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Thursday, January 23, 2014

My Next Book

I finally have a release date for my new book!  On March 25, 2014, I will release my third novel, Hold Still. The synopsis is below, but the real reason I wanted to talk about it is so you can see the freaking awesome cover which was designed by Carrie at Forward Authority Design Services.  I love this cover so much, I can't stop looking at it.  So here it is!  Voila!


Here's the synopsis (but don't go away because I want to tell you about how 2 of my favorite books are available in audiobook format now!)

After saving her three-year-old daughter from a car-jacking, off-duty police detective Jocelyn Rush ends up in the ER.  The last person she expects to run into is Anita Grant, former prostitute and an old acquaintance from Jocelyn’s days on patrol.  In spite of her obvious injuries—mutilated hands and feet—Anita refuses to talk about what happened. Reluctantly, Jocelyn backs off, and Anita's case goes to Philadelphia’s Special Victims Unit.

Before long, Jocelyn is pulled into the SVU’s investigation.  Anita is finally ready to talk, but only to Jocelyn. Her story is harrowing, even to a seasoned veteran like Jocelyn. Working with SVU, Jocelyn’s investigation unearths a series of similar crimes going back four years.  Three men are preying on local prostitutes, viciously assaulting and mutilating them.

The police apprehend two of the suspects, but the third eludes capture. As the hunt for the most sadistic of the three intensifies, and his crimes escalate, Jocelyn and her colleagues have precious few leads.  Then a monster from Jocelyn’s past resurfaces.  She doesn’t want to be reminded of the terrible secret that destroyed her family nearly twenty years earlier, but the man offers her a lead that could crack Anita’s case. 

To solve it, Jocelyn must connect her past with her present—before a sadistic attacker sets his sights on her.


Finally, check this out!  One of my favorite thrillers, The Mistaken by Nancy S. Thompson (and psst, that one is on sale for $2.99 right now!) and my only favorite paranormal, new adult romance, Strength by Carrie Butler are both available as audiobooks now!  Woot, woot!





What's up with you guys?


Sunday, January 19, 2014

Best Book(s) I Read in 2013

It's always hard to do a post on books I've enjoyed cause as you may know, I won't finish a book I'm not completely and totally into so basically, if I read it, I thought it was pretty awesome.  I don't suffer through books anymore--not even mediocre ones.  There's simply not enough time.  I read a lot of amazing books in 2013.  I discovered Dennis Lehane whose books spoke to my soul.  I read all of his Kenzie/Genarro series and cried when it was finished.  His books are like drugs.  All this time he's been out there, and I had no idea how mind-blowing his work was!  I also discovered Chelsea Cain whose books I marathoned over a 5 day period during which I did not sleep.  Naturally, me being me, I read Elizabeth Smart's book when it came out.  It was extremely well-written and gripping--and of course terribly sad and disturbing.  But it had a happy ending, and I think she is one of the most heroic people I've ever read about.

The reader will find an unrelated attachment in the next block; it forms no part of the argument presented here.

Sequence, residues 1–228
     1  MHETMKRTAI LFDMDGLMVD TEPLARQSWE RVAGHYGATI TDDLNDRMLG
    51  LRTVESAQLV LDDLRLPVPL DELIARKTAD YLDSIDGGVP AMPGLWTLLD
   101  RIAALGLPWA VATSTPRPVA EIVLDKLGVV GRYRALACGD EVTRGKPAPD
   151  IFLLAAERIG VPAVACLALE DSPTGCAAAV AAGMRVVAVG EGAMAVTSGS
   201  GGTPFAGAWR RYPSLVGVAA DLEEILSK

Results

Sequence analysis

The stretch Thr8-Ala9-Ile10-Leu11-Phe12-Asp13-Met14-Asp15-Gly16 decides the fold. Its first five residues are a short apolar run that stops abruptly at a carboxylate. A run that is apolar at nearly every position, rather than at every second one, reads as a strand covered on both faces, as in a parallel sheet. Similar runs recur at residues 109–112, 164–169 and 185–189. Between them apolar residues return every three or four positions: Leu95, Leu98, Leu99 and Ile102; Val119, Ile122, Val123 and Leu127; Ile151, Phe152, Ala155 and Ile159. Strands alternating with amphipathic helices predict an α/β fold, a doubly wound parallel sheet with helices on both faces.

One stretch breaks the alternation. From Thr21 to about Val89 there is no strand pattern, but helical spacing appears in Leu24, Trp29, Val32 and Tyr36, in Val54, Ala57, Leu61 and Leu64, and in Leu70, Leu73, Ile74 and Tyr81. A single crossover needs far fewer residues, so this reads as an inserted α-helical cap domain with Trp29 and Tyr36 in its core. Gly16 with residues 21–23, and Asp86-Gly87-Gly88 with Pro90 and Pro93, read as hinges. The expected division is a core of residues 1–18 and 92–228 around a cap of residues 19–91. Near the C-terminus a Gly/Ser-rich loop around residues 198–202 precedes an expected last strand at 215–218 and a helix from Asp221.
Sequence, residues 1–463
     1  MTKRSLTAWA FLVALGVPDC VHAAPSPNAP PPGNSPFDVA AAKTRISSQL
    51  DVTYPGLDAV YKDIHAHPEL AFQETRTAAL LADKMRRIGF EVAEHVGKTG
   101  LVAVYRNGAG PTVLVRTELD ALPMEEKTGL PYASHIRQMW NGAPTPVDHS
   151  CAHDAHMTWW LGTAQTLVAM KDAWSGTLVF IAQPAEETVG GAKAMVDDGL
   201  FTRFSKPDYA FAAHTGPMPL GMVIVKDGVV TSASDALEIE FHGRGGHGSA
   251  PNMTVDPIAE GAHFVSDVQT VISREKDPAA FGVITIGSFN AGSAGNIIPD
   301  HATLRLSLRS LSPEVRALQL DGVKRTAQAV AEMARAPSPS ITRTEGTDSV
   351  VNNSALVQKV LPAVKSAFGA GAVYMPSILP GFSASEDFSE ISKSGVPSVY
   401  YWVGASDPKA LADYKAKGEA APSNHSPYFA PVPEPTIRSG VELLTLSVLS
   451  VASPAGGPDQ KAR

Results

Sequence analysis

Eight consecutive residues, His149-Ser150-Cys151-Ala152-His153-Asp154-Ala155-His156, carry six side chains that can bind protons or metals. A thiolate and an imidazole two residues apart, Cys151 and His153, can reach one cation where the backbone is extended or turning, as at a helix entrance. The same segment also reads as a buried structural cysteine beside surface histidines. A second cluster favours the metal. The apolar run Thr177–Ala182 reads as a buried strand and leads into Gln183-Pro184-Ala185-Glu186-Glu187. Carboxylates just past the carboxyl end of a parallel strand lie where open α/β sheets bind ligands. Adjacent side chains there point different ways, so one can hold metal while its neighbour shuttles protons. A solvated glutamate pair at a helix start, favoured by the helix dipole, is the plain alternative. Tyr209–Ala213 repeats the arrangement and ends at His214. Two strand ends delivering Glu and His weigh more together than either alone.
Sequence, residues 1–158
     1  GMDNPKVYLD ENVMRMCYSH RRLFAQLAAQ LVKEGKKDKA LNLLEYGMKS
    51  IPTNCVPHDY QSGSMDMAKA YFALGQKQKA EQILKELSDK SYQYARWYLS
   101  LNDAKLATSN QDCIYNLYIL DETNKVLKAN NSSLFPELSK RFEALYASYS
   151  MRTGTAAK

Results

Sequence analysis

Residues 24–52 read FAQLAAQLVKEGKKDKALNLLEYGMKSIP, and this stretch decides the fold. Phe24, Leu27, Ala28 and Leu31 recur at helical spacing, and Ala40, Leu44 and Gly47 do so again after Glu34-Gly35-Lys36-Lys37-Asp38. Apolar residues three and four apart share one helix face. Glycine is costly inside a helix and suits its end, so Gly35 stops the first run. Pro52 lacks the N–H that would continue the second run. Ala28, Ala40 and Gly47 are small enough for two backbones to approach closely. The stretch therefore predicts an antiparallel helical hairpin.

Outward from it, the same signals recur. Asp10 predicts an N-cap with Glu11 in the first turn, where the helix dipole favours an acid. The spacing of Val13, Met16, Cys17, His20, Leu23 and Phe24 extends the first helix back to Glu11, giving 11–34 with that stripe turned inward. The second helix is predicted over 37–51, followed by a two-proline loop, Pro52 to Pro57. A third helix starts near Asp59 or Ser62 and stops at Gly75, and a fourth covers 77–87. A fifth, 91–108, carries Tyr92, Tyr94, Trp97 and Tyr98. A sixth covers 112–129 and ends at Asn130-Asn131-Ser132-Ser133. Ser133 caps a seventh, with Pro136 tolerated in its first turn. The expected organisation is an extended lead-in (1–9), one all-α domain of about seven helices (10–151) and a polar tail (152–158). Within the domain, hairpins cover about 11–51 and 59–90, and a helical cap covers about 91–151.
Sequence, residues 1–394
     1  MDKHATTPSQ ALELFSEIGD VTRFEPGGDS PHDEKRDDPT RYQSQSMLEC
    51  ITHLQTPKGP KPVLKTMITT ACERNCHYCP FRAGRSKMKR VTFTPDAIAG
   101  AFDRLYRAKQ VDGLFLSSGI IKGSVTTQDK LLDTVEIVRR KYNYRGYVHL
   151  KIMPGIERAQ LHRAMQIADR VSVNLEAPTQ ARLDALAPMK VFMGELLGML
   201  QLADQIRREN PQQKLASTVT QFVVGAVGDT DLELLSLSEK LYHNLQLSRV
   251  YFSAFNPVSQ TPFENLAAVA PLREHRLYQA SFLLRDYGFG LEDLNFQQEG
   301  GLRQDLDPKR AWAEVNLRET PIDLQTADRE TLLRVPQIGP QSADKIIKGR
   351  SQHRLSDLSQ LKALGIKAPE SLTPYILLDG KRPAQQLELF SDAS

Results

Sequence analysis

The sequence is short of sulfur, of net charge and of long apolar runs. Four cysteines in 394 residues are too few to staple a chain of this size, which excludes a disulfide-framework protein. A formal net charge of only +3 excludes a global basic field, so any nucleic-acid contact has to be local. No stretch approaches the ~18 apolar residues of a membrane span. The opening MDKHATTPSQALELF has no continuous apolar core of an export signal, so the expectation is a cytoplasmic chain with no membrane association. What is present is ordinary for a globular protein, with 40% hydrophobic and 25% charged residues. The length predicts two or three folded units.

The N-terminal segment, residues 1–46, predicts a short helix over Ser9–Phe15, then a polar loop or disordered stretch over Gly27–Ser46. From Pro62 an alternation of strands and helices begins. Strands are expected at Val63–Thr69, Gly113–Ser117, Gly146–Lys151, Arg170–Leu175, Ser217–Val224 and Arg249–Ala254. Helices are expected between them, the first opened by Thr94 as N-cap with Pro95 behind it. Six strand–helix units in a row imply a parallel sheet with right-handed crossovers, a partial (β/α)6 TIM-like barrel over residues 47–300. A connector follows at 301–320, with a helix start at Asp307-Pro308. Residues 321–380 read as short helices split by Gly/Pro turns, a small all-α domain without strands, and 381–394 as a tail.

Two of my other favorite authors (and friends) released the second books in their series last year and I thoroughly enjoyed those and cannot wait for more!  Carrie Butler's Courage and Dana Mason's Precious Embrace.



Also my friend, Michael Infinito released his second novel, 12:19, which is a thrill a minute and extremely fascinating.



I did not read Karin Slaughter's new book.  Not because I didn't want to--you all know by now she is my favorite.  I mean I nearly passed out when I met her--but out of protest of the price of the ebook.  I don't mind spending $10 to $12 on a memoir like Elizabeth Smart's or the book I'm going to talk about.  Given what these women went through, the least I can do is fork over $10-12 in support of them telling their stories.  But for a regular old fiction ebook, I think it is absolutely appalling that a publisher would charge more than $7.99 for an ebook.  I mean really.  It's not like they have to produce it all over again every time someone orders it.   Luckily, some of the Big 5 have caught on and heavily discounted some of their older titles which allowed me to discover Lehane and Cain.  I got an Amazon gift card for Christmas so I will likely order Slaughter's new book in hardback which I can actually get cheaper than the ebook, unless the ebook comes down in price.  And for the record, it is KILLING me not to be able to read it. It's not that I don't want to support my favorite author.  I know she's not the one who sets the price, but I don't want to encourage all this $12.99-for-an-ebook nonsense.  (Also, I've seen ebooks priced as high as $14.99.  Yeah.  Total B.S.) So yeah, as a reader, I'm going to stop bending over for the Big 5.  That's just how it is.  They can take their overpriced ebooks and shove them . . . okay well, you get the point.  (By the way, I think more and more readers are going to turn to indie books for this same reason which I think is awesome.  Hopefully the Big 5 will figure out a way to compete without alienating all their readers.)